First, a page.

Wire and arc additive manufacturing of HSLA steel: Effect of thermal cycles on microstructure and mechanical properties

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Abstract

Wire and arc additive manufacturing (WAAM) is a viable technique for the manufacture of large and complex dedicated parts used in structural applications. High-strength low-alloy (HSLA) steels are well-known for their applications in the tool and die industries and as power-plant components. The microstructure and mechanical properties of the as-built parts are investigated, and are correlated with the thermal cycles involved in the process. The heat input is found to affect the cooling rates, interlayer temperatures, and residence times in the 800–500 °C interval when measured using an infrared camera. The microstructural characterization performed by scanning electron microscopy reveals that the microstructural constituents of the sample remain unchanged. i.e., the same microstructural constituents—ferrite, bainite, martensite, and retained austenite are present for all heat inputs. Electron backscattered diffraction analysis shows that no preferential texture has been developed in the samples. Because of the homogeneity in the microstructural features of the as-built parts, the mechanical properties of the as-built parts are found to be nearly isotropic. Mechanical testing of samples shows excellent ductility and high mechanical strength. This is the first study elucidating on the effect of thermal cycles on the microstructure and mechanical properties during WAAM of HSLA steel.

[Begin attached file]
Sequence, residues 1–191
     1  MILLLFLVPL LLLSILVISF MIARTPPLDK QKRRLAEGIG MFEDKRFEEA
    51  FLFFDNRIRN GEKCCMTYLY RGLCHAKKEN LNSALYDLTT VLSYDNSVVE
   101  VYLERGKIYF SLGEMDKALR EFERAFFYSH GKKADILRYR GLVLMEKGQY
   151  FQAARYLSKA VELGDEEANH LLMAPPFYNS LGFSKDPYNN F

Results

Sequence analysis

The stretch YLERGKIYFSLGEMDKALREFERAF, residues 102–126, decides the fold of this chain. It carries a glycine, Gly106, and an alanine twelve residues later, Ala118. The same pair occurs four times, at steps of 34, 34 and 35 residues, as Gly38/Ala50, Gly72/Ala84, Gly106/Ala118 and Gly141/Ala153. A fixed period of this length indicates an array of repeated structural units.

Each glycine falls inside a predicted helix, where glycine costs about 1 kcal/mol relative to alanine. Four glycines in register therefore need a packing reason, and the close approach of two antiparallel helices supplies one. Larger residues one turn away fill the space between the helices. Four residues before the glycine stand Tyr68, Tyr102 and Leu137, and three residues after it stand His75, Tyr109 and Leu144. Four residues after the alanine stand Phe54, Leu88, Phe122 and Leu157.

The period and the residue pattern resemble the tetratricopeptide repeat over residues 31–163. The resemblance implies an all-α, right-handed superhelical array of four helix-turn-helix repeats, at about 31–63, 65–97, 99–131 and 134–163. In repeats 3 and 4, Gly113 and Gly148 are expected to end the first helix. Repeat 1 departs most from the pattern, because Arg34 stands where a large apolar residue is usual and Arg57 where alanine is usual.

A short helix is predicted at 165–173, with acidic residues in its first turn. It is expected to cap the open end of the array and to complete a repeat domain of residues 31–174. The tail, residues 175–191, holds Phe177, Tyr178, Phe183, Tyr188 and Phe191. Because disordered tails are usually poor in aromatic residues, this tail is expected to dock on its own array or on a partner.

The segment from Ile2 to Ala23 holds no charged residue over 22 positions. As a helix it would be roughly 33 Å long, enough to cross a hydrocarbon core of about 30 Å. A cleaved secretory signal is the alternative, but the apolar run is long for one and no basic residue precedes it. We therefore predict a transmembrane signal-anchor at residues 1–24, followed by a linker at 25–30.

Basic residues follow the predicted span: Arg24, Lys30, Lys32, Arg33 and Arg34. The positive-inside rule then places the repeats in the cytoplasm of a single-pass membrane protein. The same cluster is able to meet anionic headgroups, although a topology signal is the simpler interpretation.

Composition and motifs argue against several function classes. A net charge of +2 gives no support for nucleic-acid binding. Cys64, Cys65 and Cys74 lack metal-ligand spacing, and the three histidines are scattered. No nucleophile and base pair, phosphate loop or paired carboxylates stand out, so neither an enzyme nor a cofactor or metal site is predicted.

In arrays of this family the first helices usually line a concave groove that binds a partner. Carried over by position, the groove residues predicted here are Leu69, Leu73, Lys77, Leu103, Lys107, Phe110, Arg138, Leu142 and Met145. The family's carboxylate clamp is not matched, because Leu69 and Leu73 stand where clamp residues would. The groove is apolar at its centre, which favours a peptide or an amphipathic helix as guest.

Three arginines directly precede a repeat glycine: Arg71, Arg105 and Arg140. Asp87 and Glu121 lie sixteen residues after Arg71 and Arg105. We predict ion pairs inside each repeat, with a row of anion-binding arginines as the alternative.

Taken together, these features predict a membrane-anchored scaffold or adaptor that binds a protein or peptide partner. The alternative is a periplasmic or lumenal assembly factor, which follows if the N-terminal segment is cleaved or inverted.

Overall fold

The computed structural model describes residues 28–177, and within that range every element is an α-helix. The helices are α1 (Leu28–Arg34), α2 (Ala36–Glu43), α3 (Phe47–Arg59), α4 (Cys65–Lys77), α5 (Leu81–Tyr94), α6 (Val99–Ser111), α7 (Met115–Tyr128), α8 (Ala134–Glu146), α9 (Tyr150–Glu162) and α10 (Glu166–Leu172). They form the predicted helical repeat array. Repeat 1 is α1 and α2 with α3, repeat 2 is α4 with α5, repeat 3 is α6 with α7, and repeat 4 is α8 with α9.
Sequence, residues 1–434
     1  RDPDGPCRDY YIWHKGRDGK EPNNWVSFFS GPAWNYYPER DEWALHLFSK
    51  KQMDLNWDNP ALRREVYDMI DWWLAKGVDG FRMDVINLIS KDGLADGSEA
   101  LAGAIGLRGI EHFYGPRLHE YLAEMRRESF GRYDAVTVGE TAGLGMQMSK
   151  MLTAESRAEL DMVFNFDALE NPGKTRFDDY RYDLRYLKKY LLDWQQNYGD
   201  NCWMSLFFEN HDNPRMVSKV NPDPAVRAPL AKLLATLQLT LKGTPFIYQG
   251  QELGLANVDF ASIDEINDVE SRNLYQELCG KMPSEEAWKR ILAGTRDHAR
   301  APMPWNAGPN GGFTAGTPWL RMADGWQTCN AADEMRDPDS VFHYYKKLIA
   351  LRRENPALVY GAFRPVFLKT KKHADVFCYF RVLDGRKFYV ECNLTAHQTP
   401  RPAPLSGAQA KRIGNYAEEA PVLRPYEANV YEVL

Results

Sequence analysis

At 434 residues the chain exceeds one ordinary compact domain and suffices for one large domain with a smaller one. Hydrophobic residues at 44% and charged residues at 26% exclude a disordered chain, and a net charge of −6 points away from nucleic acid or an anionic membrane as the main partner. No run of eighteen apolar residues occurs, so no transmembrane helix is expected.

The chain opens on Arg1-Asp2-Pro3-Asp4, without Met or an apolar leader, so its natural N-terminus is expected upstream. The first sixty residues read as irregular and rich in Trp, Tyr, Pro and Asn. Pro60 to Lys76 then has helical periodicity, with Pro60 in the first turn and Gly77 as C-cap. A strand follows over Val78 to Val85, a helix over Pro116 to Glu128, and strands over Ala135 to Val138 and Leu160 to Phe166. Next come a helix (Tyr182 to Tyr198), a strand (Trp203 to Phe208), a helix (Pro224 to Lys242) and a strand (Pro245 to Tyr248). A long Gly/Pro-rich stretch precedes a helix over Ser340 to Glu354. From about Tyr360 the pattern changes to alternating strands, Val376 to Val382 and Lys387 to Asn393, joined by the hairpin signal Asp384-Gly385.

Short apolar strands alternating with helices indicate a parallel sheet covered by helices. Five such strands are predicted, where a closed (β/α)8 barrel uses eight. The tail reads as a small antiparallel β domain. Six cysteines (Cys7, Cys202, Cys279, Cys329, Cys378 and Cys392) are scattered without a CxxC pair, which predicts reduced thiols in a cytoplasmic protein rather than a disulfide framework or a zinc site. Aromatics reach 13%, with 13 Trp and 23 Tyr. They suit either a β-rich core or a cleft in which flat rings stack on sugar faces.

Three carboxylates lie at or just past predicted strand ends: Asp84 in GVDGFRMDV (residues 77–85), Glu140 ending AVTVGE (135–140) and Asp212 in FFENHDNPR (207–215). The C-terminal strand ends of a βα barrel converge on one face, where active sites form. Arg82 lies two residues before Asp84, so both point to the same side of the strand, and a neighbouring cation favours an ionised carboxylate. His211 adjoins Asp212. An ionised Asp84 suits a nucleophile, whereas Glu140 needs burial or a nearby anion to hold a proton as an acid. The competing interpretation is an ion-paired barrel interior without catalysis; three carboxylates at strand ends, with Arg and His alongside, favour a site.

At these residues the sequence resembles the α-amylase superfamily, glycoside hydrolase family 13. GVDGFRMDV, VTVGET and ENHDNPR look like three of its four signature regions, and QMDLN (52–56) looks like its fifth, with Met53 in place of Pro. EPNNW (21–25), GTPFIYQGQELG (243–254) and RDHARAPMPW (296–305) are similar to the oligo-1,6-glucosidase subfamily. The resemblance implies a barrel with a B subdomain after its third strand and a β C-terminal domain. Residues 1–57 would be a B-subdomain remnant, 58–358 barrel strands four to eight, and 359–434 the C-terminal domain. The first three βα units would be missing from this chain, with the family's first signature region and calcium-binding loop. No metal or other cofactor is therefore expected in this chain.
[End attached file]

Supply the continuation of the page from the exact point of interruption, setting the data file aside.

Original languageEnglish
Pages (from-to)440-450
Number of pages11
JournalAdditive Manufacturing
Volume27
DOIs
Publication statusPublished - 1 May 2019

Keywords

  • Additive manufacturing
  • High-strength low-alloy steels
  • Mechanical properties
  • Microstructure characterization
  • Wire and arc additive manufacturing

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